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Wenger IN or OUT? If Arsenal fans can't decide what they want, how can they expect the board to?


GOALCOMMENT  

'Time for Change' was the pre-match theme at Emirates Stadium as Arsenal took on Norwich City in a stale-looking encounter on paper. The Gunners still have something to play for in their final two league games of the season, but not the trophy they sought after when the season begun in August 2015.

Murmurings of discontent became apparent days before the match kicked off as fan groups including 'RedAction' and the 'Black Scarf Movement' joined together in a protest favouring 'change' – whether it be the manager or in the boardroom. As 12 minutes hit the clock in north London, tricklets of fans in their hundreds proudly stood up and showed their placards in the direction of manager Arsene Wenger.

Those supporters were immediately drowned out by thousands of Arsenal fans who began to chant 'we love you Arsenal' and more surprisingly 'there's only one Arsene Wenger'. The clear divide between the manager and the fanbase was emphasised in his pre-match press conference when he described those planning to protest as "only a few people with an agenda". And perhaps he was right.



The riposte from those Arsenal fans summed up the way things have gone for the club on the pitch this season; unstable, indecisive and lethargic. None of Arsenal's seven shots in the first half were on target and the Gunners were continuously reduced to efforts from outside the box by a defensively solid Canaries backline. Boos rang out at half-time as the players trudged back down the tunnel to reflect on what was an underwhelming performance.

The strange atmosphere at the Emirates would have threatened to boil over if Norwich had clinical strikers capable of burying the chances given to them. Cameron Jerome was guilty of a near miss before Wenger made the first tactical substitution of the match on 56 minutes. Previously criticised for his reluctance to make changes when they are duly needed, the Frenchman brought on Danny Welbeck to play on the left-hand side.

Again, a frustrated home support booed the decision to take off the hard-working Alex Iwobi, when Giroud’s  performance had been less than impressive beforehand. It’s now 15 games and counting since he last scored a goal in the Premier League – reinforcing the belief among many that Arsenal need to buy an out-and-out goalscorer this summer. However, Welbeck’s introduction proved to be the correct one as he gave the Gunners the lead just three minutes later, ironically turning in Giroud’s knock down to bring a momentary air of relief to the fractious home support.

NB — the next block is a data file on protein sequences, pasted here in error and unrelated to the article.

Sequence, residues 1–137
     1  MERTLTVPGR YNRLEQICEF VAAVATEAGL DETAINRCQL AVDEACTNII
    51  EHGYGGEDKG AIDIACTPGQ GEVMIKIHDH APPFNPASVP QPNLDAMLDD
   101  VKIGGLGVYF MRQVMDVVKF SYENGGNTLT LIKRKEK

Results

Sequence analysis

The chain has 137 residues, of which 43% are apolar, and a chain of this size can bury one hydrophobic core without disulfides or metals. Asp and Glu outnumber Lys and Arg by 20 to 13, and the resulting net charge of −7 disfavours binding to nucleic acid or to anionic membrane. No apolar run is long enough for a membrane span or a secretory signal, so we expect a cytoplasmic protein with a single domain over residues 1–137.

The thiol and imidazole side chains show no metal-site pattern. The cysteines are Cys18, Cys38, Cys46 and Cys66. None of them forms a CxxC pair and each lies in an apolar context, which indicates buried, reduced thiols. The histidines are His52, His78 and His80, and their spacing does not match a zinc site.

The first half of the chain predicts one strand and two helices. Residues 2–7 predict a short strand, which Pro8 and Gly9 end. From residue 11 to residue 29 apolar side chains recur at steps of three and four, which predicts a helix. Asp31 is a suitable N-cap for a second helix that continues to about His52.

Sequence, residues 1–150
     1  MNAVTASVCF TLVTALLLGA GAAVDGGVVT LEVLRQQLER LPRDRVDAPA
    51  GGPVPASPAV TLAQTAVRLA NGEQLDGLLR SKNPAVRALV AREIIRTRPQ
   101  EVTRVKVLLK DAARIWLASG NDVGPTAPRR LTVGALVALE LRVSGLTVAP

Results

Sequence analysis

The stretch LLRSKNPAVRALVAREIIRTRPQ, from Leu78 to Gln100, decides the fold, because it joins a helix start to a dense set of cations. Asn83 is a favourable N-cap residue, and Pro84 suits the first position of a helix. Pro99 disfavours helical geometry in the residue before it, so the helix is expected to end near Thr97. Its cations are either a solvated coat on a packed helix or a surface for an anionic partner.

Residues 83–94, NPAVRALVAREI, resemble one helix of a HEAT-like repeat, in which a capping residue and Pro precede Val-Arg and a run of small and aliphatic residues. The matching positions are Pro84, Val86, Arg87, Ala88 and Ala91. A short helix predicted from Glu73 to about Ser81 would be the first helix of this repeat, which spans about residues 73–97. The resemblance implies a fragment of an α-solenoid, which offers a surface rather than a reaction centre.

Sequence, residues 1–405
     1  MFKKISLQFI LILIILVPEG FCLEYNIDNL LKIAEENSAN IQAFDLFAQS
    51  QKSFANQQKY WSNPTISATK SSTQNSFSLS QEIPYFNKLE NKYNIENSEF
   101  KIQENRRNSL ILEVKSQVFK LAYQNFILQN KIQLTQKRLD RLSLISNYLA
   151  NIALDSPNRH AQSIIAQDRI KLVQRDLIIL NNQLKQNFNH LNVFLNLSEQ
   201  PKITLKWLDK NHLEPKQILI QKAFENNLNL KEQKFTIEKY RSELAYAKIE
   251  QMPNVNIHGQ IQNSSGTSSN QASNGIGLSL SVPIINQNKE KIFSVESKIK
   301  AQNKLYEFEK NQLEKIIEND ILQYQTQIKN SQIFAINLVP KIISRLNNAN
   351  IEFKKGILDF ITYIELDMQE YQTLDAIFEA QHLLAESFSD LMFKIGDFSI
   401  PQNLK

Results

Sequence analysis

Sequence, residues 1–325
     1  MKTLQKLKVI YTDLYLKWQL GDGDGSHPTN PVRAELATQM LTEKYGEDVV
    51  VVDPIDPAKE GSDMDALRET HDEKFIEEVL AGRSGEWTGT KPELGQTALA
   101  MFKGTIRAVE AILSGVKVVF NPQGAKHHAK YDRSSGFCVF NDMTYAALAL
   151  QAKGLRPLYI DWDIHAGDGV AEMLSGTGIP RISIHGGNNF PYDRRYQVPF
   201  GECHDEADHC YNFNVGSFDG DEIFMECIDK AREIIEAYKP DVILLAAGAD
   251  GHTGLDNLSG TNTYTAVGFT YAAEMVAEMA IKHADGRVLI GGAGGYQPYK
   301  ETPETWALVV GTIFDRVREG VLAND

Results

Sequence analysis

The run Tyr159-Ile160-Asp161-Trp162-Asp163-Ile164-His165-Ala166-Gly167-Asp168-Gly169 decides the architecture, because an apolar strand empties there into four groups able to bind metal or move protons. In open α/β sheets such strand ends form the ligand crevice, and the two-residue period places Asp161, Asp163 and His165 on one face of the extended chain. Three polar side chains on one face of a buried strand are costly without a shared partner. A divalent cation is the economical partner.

GOALFULL STORY | Arsenal fans in Wenger protest

Mesut Ozil signaled to the crowd to make more noise in the stadium and the fans obliged, albeit temporarily as Arsenal struggled to fashion anything clear-cut. While the protests weren’t in unison, the sighs of frustration certainly were. Arsenal’s lax midfield started to give the ball away, only Mohamed Elneny has looked assured in possession over the past five games. The Egyptian’s passing accuracy, which hit 94.2% against the Canaries, seems to increase with each match and he has been one of the bright sparks of an otherwise drab campaign.

Perhaps too much credence was given to the planned protests as on the 78th minute hardly any of the placards and signs were on display as promised. The hundreds that were dotted across the ground in the first half had suddenly disappeared, most likely due to the fact that Arsenal were on the verge of claiming a hard-earned three points.

Social media has become an integral part of society, in particular sport, and football fans who previously would give their opinions on the game down the pub are now being given a platform to have their views seen by thousands. This particular 'protest' threatened to overshadow another unconvincing home win, but instead the focus will be on the divisions between the fans instead of the manager. 'Wenger in', 'Wenger out', boos, cheers and sighs of frustration - if the fans can't decide what they want then how can they expect the board to make a decision on the future of the club’s longest-serving, most successful manager in their history?

Arsenal are planning for a 20th summer with Wenger at the helm and the mixed reception among supporters has only strengthened the manager's position. Some have criticised his 'outdated tactics', others have lambasted his failure to sign an outfield player in the summer. From 'Arsene who?' to 'Arsene out', whatever happens now you can be sure that the Frenchman will see out his contract at the club unless he decides to leave on his own accord.